When people are having less structured conversation — and I do support executive briefings, for example at several corporations — and so there are big decision makers exchanging information and time is very valuable, so it can easily go from a structured, “here’s our capabilities” to “let’s talk about how that serves your particular need” you know, customer, who’s a visiting customer. And so I will typically go to a different format where I’m wanting to capture key aspects of the back and forth. And I’ll just use two different colors and I will tend to use less imagery. So it presents more like a dialogue. And you can see by the color which party is speaking. So it becomes more like the Q&A that you would see at the bottom of anything. You know, the letter Q and the letter A are there, so you can distinguish which, or an interview transcript, that kind of thing.
And so I’m not capturing everything that’s there, but at least there’s a record of the nature of the conversation and particularly if there’s excitement about something that relates back to a theme or capability that’s been discussed before. I can link that, I can visually link that on the chart, the chart being what we call the drawing itself, the physical artifact. So it can be challenging and especially if you don’t… Managing space when you don’t know how long or how deep something’s going to go. When I’m doing graphic recording on large format, it’s much more freeing because we’ll start the day, the start the meeting with a pretty large piece of paper. And if you don’t use it all, you can trim it. I’m working on a smaller format in sketchnoting, which is typically a personal size of notebook of some kind , it’s either in your lap or it’s on a table in front of you or on a workspace that’s right in front of you so that people around you can see it. But generally the whole of the room or the audience does not see it until after, until you publish it. So that’s another distinction about the size.
Graphic recording — the large scale version — can be very valuable for meetings and conferences because people see that it’s happening and they can watch in meetings, they can see that they’re being heard and that, that they’re being paid attention to. And it can change the dynamic of the conversation. They become more focused often, and they feel cared for in a way. There’s somebody taking this, this step, this action and that there will be an artifact afterward. So a lot of just times we’re in rooms where people are doing a lot of talking and maybe someone’s taking notes. Mostly people are looking at what do we need to do coming out of this meeting? And then maybe capturing action items, but the capturing the content or the key aspects of what’s being discussed, is something that I think we can do more of.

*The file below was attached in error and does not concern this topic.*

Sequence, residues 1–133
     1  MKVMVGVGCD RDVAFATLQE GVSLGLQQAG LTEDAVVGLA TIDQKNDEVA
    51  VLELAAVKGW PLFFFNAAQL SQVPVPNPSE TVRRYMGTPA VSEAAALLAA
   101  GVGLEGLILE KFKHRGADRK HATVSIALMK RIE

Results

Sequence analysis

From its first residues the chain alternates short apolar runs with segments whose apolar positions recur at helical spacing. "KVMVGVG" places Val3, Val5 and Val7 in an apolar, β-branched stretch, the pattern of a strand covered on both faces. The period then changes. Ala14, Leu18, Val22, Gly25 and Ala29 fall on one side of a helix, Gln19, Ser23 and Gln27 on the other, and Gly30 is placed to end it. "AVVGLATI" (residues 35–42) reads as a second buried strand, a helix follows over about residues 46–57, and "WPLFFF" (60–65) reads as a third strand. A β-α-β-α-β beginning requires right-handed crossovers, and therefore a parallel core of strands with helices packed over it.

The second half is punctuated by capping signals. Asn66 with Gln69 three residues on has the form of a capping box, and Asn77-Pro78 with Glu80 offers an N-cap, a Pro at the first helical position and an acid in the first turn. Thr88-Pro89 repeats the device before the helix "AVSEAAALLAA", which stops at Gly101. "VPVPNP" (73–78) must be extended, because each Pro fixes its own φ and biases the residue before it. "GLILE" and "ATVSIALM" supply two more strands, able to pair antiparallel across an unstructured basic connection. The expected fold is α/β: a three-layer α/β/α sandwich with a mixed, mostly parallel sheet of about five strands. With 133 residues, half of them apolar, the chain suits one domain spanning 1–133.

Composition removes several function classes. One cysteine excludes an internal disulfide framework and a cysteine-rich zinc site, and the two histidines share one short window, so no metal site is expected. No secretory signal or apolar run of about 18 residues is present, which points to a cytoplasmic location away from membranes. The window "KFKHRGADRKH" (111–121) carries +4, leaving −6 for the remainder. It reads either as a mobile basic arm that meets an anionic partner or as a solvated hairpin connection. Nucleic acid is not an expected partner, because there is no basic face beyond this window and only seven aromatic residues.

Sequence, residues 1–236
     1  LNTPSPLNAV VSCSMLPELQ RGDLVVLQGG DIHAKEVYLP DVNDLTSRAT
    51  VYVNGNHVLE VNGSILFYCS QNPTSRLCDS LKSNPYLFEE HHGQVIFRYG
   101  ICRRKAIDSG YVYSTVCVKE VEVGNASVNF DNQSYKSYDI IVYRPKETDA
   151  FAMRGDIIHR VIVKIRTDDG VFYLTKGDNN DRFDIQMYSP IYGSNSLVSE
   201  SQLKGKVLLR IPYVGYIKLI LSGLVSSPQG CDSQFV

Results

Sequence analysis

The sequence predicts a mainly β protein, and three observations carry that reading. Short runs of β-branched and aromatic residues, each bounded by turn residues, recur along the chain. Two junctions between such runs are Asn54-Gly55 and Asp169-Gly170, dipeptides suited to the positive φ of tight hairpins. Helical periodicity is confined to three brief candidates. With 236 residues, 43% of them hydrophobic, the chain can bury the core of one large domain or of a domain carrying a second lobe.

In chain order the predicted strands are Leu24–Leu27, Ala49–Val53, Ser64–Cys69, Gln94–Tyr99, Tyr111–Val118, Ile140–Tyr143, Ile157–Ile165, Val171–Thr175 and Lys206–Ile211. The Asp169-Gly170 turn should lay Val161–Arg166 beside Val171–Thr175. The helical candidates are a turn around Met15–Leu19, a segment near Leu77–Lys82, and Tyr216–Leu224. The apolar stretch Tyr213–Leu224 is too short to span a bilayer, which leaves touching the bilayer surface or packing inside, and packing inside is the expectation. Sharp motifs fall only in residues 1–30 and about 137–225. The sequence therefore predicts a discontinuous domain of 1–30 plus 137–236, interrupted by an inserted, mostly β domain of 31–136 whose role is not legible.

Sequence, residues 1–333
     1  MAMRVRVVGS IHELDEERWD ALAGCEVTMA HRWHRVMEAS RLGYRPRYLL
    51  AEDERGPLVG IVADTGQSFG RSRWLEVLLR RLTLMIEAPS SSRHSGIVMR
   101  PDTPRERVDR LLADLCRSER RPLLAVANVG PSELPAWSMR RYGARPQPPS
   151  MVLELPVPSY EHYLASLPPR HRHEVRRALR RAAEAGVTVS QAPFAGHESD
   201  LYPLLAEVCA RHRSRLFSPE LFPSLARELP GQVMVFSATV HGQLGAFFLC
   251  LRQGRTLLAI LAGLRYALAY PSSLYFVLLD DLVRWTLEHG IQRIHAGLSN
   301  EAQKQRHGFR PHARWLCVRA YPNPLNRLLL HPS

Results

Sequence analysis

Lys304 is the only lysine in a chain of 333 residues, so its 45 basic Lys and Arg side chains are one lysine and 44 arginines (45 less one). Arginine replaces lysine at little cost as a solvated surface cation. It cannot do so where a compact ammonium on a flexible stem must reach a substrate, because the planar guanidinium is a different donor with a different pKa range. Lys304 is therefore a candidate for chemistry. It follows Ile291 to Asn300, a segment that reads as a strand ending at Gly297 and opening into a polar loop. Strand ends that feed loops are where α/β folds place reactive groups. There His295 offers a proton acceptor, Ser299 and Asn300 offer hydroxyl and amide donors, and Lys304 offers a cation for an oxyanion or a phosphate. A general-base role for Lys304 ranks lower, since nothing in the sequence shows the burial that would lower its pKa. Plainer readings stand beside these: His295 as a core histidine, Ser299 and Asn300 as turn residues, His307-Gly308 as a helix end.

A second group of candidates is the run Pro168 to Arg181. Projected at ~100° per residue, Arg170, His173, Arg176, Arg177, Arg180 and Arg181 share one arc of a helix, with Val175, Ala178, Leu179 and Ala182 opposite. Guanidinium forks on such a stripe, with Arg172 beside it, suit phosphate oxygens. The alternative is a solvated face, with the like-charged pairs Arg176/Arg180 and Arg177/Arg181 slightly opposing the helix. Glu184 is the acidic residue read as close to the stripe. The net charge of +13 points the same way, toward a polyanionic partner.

Jorge: You’ve been talking about paper and notebooks and that brings up another question that I had about your process, which has to do with the mechanics of the actual drawing. I assume that you are drawing on paper as opposed to digitally, right?
MJ: Presently I continue to really love the pen on paper, whatever scale is, and I have a lot of different pens, love them all. There’s a trend right now and lately with the greater software and app capability to do this on tablets and people… It’s just more portable. And I have not fully embraced it yet. I think I have a mental block about working on a screen. We spend so much time with screens. But there are folks who are doing it and I’m excited to continue exploring it because it’s just, it’s a different way of working.
I did recently get an overhead camera. There are many makers, the one I happened to get was IPEVO. And it allows me to connect the camera to my computer and demonstrate to somebody who’s not next to me or to a group of people, I can draw analog and it’s projected basically onto the screen, large or small. I’m pretty excited about that because it’s a little bit of a work around in terms of how do I get to show my work or demonstrate something in action when the human beings are distributed.
Jorge: As for the “final deliverable,” to, say, your clients or when the conference has finished, for example, do you photograph the drawings and share them that way? Or how do they make their way from the paper world to the digital world?
MJ: That’s a great question. Typically for sketchnotes, I will photograph them initially so that I can put them on social media and publish them quickly. So they go out to attendees in Slack or on Twitter or on Facebook or anywhere. And then what I will do for the final deliverable to make PDFs, or in the case of Rosenfeld, they put PDFs on the website next to each of the speakers in the program. So they’re stuck there… And they are not stuck there, but they’re published there. And before that I will do high resolution scans and make sure that the lighting is even, and the colors are even and so forth. And it’s a quick flatbed scan and don’t spend a lot of time doing, you know, photoshopping or anything. But just a quick, quick scan. And then same thing goes for the big paper versions. There’s a specialty shop that does very large format scanning and digital posts. And then you can have an image, a jpeg or a pdf. And those go to the client and the paper original goes back to wherever it would best serve the folks who generated the content.